Friday February 19, 2010 - 14:09:55 GMT
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What the Market Has to Fear From Discount Rate Hike
While the Fed is rushing to the press to down play the policy significance of the â€śsurpriseâ€ť discount rate hike Thursday, the Fed fails to grasp the basic physics for the rally in risk assets, seemingly. If one believes that the massive flood of liquidity the Fed put into the banking system to avert a financial system arrest did a number of things but one very much more than anything elseâ€¦it lifted asset prices and pushed investors out the risk curve reaching for yield/profit. And to be frank it pushed the banking system into the reach for yield and profit on a near zero cost of funding. It follows that removing this wall of liquidity will inevitably lead to a decline in the prices of assets, commodities and currencies that rose with the floodtide of zero cost funds. And to be fair with the Fed in the crisis removing the stigma of borrowing funds from the discount window, banks in the spring and summer were surely using the discount window for funding either directly or indirectly wagers on assets prices, bets on commodities and bets on FX.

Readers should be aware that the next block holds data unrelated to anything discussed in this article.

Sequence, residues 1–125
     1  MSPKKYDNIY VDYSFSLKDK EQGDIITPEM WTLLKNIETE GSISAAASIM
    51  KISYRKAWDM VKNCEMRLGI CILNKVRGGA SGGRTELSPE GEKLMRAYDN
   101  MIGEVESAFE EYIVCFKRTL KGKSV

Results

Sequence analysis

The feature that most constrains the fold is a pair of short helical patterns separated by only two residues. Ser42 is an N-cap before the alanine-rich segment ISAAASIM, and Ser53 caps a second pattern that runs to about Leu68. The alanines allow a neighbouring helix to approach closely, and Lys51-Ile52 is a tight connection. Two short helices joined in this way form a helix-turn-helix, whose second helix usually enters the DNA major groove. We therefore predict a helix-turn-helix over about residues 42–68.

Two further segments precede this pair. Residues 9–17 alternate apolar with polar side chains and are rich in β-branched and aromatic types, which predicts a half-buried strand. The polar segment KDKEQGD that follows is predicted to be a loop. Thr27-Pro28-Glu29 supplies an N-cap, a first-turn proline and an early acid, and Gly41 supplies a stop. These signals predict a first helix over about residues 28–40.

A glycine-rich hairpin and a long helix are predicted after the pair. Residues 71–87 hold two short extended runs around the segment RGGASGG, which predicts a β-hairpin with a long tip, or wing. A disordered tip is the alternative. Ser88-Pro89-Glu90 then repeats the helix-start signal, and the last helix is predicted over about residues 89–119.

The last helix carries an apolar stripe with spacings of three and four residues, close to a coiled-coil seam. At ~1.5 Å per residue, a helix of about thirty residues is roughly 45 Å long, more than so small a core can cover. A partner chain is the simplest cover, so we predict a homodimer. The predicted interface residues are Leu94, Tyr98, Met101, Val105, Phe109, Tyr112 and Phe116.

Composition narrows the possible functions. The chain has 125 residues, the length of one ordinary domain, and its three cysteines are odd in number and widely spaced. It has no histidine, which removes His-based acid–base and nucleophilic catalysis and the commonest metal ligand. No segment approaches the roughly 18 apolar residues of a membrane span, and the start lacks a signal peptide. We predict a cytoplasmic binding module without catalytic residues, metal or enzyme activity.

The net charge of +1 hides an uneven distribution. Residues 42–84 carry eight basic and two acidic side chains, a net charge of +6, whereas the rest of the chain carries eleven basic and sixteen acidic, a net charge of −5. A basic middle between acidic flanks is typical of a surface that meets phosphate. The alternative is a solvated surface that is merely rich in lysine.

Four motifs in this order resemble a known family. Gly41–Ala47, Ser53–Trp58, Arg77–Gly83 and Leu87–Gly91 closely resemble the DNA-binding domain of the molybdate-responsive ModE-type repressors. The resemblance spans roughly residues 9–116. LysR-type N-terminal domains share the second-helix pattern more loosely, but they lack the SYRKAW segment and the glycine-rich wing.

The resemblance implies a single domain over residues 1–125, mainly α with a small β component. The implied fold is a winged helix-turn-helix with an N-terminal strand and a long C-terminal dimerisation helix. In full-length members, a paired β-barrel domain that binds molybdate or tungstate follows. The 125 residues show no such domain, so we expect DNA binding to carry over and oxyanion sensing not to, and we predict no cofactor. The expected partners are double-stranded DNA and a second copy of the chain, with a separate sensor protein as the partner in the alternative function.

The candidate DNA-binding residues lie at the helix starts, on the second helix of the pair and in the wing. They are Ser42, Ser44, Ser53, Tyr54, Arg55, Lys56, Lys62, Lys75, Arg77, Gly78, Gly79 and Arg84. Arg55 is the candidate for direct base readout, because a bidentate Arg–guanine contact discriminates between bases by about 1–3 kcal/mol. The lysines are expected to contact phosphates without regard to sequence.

While no one should doubt that raising the discount rate 25 bps to 0.75% in the scheme of things is pretty minor â€“ only $14bln in the latest week ending Wednesday (down from crisis high at $110bln) out at the window in the latest data and banks are funding themselves, as has been the case since the summer, mainly in the money market. But the d/r hike is another step in taking away liquidity and I for one think this means in time that the very prop for the rally in risk assets will be removedâ€¦prices will retreat. And the fact that liquidity s being taken from the system most everywhere where it was aggressively applied, even in Japan, and especially in China (bank loans), then we canâ€™t conclude anything other than the key support for risk is starting more clearly to erode. Now if you like risk then you have to think, as surely the Fed Board does (it was their decision alone â€“ it sets the d/r), you can only stay fully exposed to risk if you think the recovery is sustainableâ€¦the private sector will arise from the grave and walk the earth again not as zombies but as unfettered, profit-motive-driven economic agents.